Michael Grellmann COO of GPM, says that since joining Nidec Group, they have been able to reduce costs and double profitability thanks to thorough “progress management”.
Nidec started acquiring companies in 2010. mainly in North America and Europe.  They have now made 49 acquisitions, of which 24 are overseas.

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December 10, 2016

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How Nidec Reduced Overtime by Improving Communication


Manufacturer of electric motors Nidec was famous for having hard working employees who didn’t care how many hours they put in.  The founder, Shigenobu Nagamori, himself said “I only take a holiday on New Year’s Day”.  Now, according to the Nikkei Business magazine, Nidec is undergoing a revolution where going home on time is the norm.

Nidec started a project last year to promote the better utilization of female employees.  Overtime working at Nidec’s headquarters had been on average 30 hours a month.  The first step was to get senior level managers to go home on time.  This immediately decreased overtime by 30%.


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European Pride + Global Standardization = Long Debates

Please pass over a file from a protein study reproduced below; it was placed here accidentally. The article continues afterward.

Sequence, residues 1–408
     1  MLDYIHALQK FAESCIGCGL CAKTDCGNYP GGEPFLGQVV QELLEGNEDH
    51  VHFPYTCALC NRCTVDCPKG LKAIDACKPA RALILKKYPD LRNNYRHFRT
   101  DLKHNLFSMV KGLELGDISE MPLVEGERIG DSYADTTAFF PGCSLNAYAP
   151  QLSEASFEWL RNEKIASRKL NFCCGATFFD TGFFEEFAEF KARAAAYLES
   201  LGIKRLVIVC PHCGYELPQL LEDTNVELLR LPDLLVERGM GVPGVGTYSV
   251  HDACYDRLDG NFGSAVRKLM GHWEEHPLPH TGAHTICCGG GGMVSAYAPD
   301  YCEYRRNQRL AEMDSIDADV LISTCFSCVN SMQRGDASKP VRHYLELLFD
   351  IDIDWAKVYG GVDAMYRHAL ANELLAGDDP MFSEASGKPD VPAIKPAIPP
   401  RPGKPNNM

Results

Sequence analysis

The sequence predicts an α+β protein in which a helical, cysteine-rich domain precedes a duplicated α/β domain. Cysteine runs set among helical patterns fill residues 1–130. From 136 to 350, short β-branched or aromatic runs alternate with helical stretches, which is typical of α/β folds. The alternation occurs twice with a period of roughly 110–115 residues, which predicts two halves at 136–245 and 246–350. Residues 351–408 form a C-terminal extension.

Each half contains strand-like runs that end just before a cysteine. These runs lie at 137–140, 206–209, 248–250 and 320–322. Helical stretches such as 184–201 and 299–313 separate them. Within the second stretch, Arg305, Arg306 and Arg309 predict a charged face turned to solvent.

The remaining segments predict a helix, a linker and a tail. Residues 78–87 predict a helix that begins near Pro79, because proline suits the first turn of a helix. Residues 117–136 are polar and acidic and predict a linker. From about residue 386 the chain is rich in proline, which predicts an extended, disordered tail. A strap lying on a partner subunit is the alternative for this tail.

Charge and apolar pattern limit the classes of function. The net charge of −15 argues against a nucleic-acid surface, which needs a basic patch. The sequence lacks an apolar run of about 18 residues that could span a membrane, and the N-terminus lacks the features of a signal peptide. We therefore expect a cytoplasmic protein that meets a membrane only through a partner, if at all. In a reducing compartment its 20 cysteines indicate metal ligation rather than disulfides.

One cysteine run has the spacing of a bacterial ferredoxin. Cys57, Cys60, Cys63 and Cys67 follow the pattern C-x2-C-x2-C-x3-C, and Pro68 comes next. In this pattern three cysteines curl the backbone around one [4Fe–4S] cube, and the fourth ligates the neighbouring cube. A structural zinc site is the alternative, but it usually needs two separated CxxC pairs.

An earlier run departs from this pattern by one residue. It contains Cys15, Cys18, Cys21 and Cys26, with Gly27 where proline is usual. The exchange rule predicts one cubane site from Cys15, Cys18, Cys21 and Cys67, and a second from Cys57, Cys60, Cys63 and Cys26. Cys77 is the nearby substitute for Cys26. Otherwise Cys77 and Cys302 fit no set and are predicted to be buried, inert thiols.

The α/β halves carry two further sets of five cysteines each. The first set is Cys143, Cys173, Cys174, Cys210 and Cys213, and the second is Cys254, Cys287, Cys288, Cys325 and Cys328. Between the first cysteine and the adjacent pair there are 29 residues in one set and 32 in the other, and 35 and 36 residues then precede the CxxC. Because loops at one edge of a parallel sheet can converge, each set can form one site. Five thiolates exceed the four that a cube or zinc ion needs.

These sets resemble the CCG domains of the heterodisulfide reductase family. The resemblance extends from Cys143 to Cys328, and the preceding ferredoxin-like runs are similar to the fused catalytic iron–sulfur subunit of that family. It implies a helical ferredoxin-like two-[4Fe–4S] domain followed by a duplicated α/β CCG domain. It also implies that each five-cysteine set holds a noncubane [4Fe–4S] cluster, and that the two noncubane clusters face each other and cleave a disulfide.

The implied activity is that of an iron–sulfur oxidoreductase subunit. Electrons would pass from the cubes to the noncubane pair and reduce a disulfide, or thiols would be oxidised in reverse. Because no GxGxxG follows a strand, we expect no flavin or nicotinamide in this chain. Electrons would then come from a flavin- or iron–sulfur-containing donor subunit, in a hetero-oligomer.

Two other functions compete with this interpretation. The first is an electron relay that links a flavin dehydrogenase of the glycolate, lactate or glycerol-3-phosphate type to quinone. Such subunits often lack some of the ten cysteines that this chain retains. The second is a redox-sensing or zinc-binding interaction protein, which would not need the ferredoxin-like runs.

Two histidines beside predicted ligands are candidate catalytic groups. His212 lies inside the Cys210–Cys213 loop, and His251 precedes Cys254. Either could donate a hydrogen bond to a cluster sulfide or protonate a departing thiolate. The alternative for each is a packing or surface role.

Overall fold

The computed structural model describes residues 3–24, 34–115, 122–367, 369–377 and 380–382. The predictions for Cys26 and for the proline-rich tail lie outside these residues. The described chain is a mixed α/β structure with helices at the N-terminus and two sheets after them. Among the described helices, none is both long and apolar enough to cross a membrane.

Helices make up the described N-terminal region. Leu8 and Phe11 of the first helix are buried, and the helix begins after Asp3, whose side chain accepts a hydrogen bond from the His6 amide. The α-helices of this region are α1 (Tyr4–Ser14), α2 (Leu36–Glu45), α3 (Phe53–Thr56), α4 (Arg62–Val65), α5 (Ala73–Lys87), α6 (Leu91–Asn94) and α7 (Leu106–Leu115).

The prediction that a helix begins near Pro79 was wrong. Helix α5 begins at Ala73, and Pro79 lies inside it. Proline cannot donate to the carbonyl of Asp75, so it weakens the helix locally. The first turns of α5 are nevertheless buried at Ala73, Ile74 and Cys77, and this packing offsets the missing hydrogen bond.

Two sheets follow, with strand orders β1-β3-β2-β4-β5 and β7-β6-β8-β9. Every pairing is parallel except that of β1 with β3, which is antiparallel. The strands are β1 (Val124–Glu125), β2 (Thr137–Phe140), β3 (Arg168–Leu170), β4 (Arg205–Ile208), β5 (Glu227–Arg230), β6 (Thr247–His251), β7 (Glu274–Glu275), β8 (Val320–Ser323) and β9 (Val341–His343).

The European senior management team of a business which had been newly acquired by a Japanese company complained to me about being treated as if Europe was one homogenous country, when in fact they only had offices in 5 very different countries in Europe, with a headquarters in Germany.  “It’s true, we know how to work with each other in Europe – after all Europeans have been living and working together for hundreds of years, but it seems strange that on paper we’re supposed to be a tri-regional structure of Europe, North America and Asia, and yet North America has only two employees and Asia has no regional headquarters, with Taiwan, China, Korea and Japan being managed separately”